10     context.  Did you know about the decision mentioned in this document at

11     the time, that is, in October 1991?

12        A.   Yes.  That meeting was held in the bank and was attended by

13     Karadzic as well, and it resounded in Doboj.  It was a bombshell.

14        Q.   Can you just explain what you mean by referring to "it was a

15     bombshell"?

16        A.   At that time unrest started in Doboj.  There was the arming of

17     the army, and the police started separating from the regular police, all

18     sorts of formations starting descending upon Doboj, and we still hoped

19     that everything would come to an end, that the situation would calm down,

20     that there would be no complete separation.  However, when this decision

21     was taken, that was the end, and the Serbs no longer wanted to live

22     together with us.  That's what the decision meant.

23        Q.   Are you familiar with the person who signed this document, which

24     can be seen on the bottom of the page?

25        A.   The SDS president.  He was a teacher in the Doboj secondary

Page 2219

 1     school.

 2        Q.   And just for the record, can you read out the name, please.

 3        A.   Milan Ninkovic, an engineer.

 4             MR. HOFFMANN:  Your Honours, I would tender this document into

 5     evidence.

 6             JUDGE ORIE:  Same objections to be put on the record, but no

 7     fundamental objection against admission as such?

 8             MR. KNOOPS:  Yes, Your Honour.  Thank you.

 9             JUDGE ORIE:  Yes.  Mr. Bakrac, I see you're nodding.

10             MR. BAKRAC: [Interpretation] I am.

11             JUDGE ORIE:  Yes.

12             And, Madam Registrar.

13             THE REGISTRAR:  Exhibit P85, Your Honours.

14             JUDGE ORIE:  P85 is admitted into evidence.

15             Please proceed, Mr. Hoffmann.

16             MR. HOFFMANN:

17        Q.   Witness, in your 1998 statement, in English on page 3, second

18     paragraph; B/C/S page 3, paragraph 2, you refer to Doboj being

19     strategically important.  Can you explain in what sense you think that

20     Doboj was of strategic importance?

21             MR. KNOOPS:  Your Honour, objection.  Witness is not an expert.

22     Also in considering his profession, he is not competent to answer any

23     questions on military strategical issues.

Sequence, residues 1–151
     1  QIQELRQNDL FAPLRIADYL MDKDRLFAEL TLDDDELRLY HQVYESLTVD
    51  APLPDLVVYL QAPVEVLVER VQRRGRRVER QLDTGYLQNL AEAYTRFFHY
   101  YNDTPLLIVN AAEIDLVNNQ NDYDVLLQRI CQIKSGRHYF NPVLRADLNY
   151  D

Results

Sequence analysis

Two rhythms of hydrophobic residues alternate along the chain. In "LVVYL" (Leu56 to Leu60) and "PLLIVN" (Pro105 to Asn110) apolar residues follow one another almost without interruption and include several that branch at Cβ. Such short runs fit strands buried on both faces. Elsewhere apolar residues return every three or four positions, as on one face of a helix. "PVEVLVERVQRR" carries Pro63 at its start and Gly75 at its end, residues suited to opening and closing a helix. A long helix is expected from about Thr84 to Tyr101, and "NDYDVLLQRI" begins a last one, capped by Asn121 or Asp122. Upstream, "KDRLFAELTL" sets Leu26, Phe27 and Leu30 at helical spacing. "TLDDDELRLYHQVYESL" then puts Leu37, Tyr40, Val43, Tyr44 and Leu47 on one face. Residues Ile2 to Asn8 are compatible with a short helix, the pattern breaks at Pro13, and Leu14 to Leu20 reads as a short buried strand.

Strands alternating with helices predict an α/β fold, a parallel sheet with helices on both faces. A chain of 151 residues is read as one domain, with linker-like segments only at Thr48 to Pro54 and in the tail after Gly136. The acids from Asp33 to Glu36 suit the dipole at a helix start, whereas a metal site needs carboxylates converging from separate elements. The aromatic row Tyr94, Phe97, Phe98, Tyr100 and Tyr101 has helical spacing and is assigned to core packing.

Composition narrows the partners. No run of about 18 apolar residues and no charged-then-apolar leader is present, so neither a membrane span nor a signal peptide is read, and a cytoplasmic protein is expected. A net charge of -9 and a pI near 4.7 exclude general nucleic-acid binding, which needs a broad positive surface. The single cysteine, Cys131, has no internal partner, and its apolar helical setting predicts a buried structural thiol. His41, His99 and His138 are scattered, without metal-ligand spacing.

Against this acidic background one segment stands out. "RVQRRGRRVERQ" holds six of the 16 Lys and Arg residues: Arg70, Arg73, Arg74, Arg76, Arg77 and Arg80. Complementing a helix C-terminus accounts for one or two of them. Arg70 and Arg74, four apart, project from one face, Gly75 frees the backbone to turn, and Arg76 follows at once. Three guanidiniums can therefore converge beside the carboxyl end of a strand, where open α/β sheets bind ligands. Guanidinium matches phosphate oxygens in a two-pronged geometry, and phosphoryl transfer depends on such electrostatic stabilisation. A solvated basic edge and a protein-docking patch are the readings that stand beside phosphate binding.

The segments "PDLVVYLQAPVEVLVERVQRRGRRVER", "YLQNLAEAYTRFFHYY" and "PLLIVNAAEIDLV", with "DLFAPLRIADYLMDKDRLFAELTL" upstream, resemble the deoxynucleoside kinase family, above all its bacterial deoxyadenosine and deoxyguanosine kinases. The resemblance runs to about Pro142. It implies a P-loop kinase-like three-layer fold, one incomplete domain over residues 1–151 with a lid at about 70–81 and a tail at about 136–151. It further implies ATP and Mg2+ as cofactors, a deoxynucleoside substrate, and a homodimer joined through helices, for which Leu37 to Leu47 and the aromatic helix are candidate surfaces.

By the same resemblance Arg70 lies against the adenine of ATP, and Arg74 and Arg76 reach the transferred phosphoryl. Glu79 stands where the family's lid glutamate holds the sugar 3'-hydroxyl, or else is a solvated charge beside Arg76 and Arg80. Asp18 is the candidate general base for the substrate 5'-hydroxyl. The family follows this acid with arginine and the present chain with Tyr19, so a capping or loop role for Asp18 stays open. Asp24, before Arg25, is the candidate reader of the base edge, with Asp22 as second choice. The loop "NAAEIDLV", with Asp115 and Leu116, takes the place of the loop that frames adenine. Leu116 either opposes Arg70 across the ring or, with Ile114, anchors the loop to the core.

24             JUDGE ORIE:  It depends on how factual the questions are.  Could

25     you please --

Page 2220

 1             MR. HOFFMANN:  I didn't even ask about military context.  It's

 2     his own statement where he says it's strategically important.  I'm just

 3     trying to find out what he means by that, and that's just a factual

 4     question.

 5             JUDGE ORIE:  Yes.  I think if this is part of his statement and

 6     it's not factual in itself, then it's even good to ask the witness about

 7     what he meant by that, because then we'll be able to assess whether

 8     there's any factual matter underlying what at first sight seems to be an

 9     opinion.

10             Yes.  So the question then is properly phrased as -- not as in

11     what sense you think that Doboj was a strong of -- strategically

12     important, but what he meant by that.  That's what we're seek, and as

13     factual as possible.

14             Could you explain what you meant by it, and try to explain it to

15     us in terms of what you personally observed or you personally heard or

16     what you personally know.

17             THE WITNESS:  [Interpretation] Doboj, when I look upon it

18     strategically, is an important traffic hub and a railroad hub.  In former

19     Yugoslavia, it's the second most important railroad hub, and it links

20     Banja Luka, Belgrade, Zagreb, and all traffic -- almost all traffic went

21     through Doboj.  And then there is Mount Ozren, and Doboj is at the foot

22     of that mountain, and Mount Ozren was a centre of the uprising.  There